After taking in Mount Etna, stop for a wine and olive oil tasting at a charming vineyard like Cantina Malopasso or Cottanera Azienda Vinicola to try famous grapes like nerello mascalese (comparable to pinot noir) and fresh, bright whites like carricante.
Travel back through time in Syracuse
A reflection of Sicily’s multicultural past, this UNESCO-listed city has seen a world of influence, falling under Greek, Roman, Byzantine, North African and Norman rule throughout history. At the Neapolis Archaeological Park, visit the massive 5th-century B.C. Greek Theatre to imagine what it was like to see Antigone performed thousands of years ago, then check out the well-preserved Roman Amphitheater, where gladiators once fought.
Don’t leave the city without exploring Ortigia, considered one of the most beautiful islands in Italy. In this ancient Greek settlement, dating to 734 B.C., make your way to the ruins of the Temple of Apollo, then on to the marble Piazza Duomo where the dominating Cathedral of Siracusa stands tall next to several palazzi and the Church of Santa Lucia alla Badia (with a Caravaggio painting inside). Get lost in the labyrinth of charming pedestrian-only streets, then snap up local cakes, seafood, sauces and ingredients at the lively outdoor market.
Fall in love with Noto
After a devastating earthquake struck southeastern Sicily in the late 1600s, acclaimed Sicilian architects rebuilt the eight towns. They took the opportunity to enhance each area with innovative urban planning strategies, artistic flourishes and late-baroque architectural styles. And today, the group of cities is recognized as a UNESCO World Heritage Site.
Among them is the magnificent Noto, which has become the poster child for Sicilian baroque architecture. In this photogenic town, you’ll discover countless landmarks, like the Royal Gate (a triumphal arch marking the beginning of the town’s main street), piazza XVI Maggio, the church of San Domenico and the impressive Noto Cathedral along the way. If you visit in May, you’ll see the city come alive with mosaic-like floral carpets that blanket the streets during the Infiorata festival.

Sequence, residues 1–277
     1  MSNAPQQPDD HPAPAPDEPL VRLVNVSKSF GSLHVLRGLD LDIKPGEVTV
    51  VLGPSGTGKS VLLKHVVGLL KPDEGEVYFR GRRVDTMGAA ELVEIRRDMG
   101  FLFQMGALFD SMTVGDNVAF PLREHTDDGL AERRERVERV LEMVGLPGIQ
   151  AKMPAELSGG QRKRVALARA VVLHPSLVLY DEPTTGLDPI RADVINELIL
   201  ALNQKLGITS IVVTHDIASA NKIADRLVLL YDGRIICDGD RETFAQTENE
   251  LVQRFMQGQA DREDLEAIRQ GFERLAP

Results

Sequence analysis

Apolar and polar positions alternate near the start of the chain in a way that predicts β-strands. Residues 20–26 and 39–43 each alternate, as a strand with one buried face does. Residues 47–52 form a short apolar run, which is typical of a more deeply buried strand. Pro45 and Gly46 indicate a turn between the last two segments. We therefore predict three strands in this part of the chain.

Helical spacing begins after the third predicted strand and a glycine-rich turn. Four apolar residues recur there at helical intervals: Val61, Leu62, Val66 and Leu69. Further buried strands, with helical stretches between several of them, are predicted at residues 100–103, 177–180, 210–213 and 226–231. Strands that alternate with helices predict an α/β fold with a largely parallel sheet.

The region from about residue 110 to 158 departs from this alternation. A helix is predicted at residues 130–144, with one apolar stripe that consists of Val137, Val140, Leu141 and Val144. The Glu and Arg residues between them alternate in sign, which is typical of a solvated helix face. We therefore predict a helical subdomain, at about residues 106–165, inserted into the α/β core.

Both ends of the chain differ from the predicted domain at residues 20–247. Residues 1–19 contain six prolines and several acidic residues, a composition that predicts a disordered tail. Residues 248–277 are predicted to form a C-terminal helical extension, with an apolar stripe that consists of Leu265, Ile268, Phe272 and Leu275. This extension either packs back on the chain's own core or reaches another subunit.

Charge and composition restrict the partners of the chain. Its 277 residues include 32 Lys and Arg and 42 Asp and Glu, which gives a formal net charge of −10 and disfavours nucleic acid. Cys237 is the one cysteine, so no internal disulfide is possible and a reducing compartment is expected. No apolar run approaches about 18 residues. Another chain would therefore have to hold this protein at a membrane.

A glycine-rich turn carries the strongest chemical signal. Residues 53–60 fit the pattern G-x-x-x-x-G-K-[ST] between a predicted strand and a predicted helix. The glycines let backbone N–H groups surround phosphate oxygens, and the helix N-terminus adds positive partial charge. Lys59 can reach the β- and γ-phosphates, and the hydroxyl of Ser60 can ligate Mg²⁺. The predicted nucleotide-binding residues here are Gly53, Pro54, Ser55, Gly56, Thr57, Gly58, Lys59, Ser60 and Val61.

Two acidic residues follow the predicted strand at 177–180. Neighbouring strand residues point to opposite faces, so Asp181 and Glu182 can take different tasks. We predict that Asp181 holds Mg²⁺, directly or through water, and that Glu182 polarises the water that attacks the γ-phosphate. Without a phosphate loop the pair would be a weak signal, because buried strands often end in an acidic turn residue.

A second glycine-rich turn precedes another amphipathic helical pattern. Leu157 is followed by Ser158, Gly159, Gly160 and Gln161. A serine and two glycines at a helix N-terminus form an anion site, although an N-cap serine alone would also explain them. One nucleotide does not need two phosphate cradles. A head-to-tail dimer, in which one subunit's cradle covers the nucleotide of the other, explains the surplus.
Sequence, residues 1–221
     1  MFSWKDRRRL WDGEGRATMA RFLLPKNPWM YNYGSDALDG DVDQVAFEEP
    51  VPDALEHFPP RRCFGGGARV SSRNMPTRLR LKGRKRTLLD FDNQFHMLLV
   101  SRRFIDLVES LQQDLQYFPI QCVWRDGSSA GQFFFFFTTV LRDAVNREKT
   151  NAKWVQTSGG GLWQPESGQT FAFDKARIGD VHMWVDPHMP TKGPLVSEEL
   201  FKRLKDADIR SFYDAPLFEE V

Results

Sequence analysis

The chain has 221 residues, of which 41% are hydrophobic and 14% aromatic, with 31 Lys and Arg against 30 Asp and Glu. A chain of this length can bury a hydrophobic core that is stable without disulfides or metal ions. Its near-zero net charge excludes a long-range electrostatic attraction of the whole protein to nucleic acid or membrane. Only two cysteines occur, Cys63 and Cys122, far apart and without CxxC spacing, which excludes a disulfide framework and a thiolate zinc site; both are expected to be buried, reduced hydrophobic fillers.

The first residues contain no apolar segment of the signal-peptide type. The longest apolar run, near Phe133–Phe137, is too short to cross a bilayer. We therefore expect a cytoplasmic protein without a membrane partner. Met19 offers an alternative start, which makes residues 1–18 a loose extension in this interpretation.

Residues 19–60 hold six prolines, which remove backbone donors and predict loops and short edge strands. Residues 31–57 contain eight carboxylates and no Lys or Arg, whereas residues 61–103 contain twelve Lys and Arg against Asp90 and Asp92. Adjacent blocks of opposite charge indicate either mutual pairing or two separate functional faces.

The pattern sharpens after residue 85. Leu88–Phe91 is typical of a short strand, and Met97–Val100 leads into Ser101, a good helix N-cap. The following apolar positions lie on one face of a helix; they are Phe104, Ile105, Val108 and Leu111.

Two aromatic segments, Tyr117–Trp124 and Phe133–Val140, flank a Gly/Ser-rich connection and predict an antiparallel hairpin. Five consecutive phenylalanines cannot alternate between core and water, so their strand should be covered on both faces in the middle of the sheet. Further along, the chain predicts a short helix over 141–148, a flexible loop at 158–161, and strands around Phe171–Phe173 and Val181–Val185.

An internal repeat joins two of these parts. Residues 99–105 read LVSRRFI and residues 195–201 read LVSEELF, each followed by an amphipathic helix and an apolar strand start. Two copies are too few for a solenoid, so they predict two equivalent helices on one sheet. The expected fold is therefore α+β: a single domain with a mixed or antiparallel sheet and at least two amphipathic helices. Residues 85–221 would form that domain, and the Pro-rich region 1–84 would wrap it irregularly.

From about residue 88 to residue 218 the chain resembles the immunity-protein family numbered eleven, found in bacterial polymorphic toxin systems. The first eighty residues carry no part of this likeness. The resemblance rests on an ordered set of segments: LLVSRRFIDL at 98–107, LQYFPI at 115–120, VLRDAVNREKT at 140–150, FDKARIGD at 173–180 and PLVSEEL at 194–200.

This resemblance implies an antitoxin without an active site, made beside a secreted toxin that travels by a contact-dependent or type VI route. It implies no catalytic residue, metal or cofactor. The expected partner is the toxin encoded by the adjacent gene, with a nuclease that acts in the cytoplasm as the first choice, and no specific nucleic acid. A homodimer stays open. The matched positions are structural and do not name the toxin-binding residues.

Head south to Marzamemi
Anchoring the southeastern corner of Sicily is Marzamemi, a quiet seaside village with Arab roots. Once home to an important tuna fishery, the town has long been known for its fishing industry and seafood products, such as red tuna bottarga (dried tuna roe), often enjoyed with spaghetti. This little hamlet bursts with character with vibrant blue doors, rustic sandstone fisherman’s cottages, open-air cafés and beaches.
Where to stay
Many scenic properties dot the eastern coastline, but the Forbes Travel Guide Four-Star San Domenico Palace, Taormina, a Four Seasons Hotel stands out. The set of season two of The White Lotus, this 14th-century building was once a Dominican convent and has since been transformed into a palatial cliffside hotel complete with manicured gardens, top-notch restaurants and panoramic views across the Ionian Sea.
If you’d prefer to stay by the shore, Four-Star Villa Sant’Andrea, A Belmond Hotel, Taormina Mare, provides luxury and romance steps from the sea. Set on an exclusive, pebbly stretch of Taormina Bay, the hotel formerly served as the private villa of an English aristocrat and now welcomes well-heeled travelers to appreciate the classic décor, sun-soaked balconies, delicious cuisine and desirable location.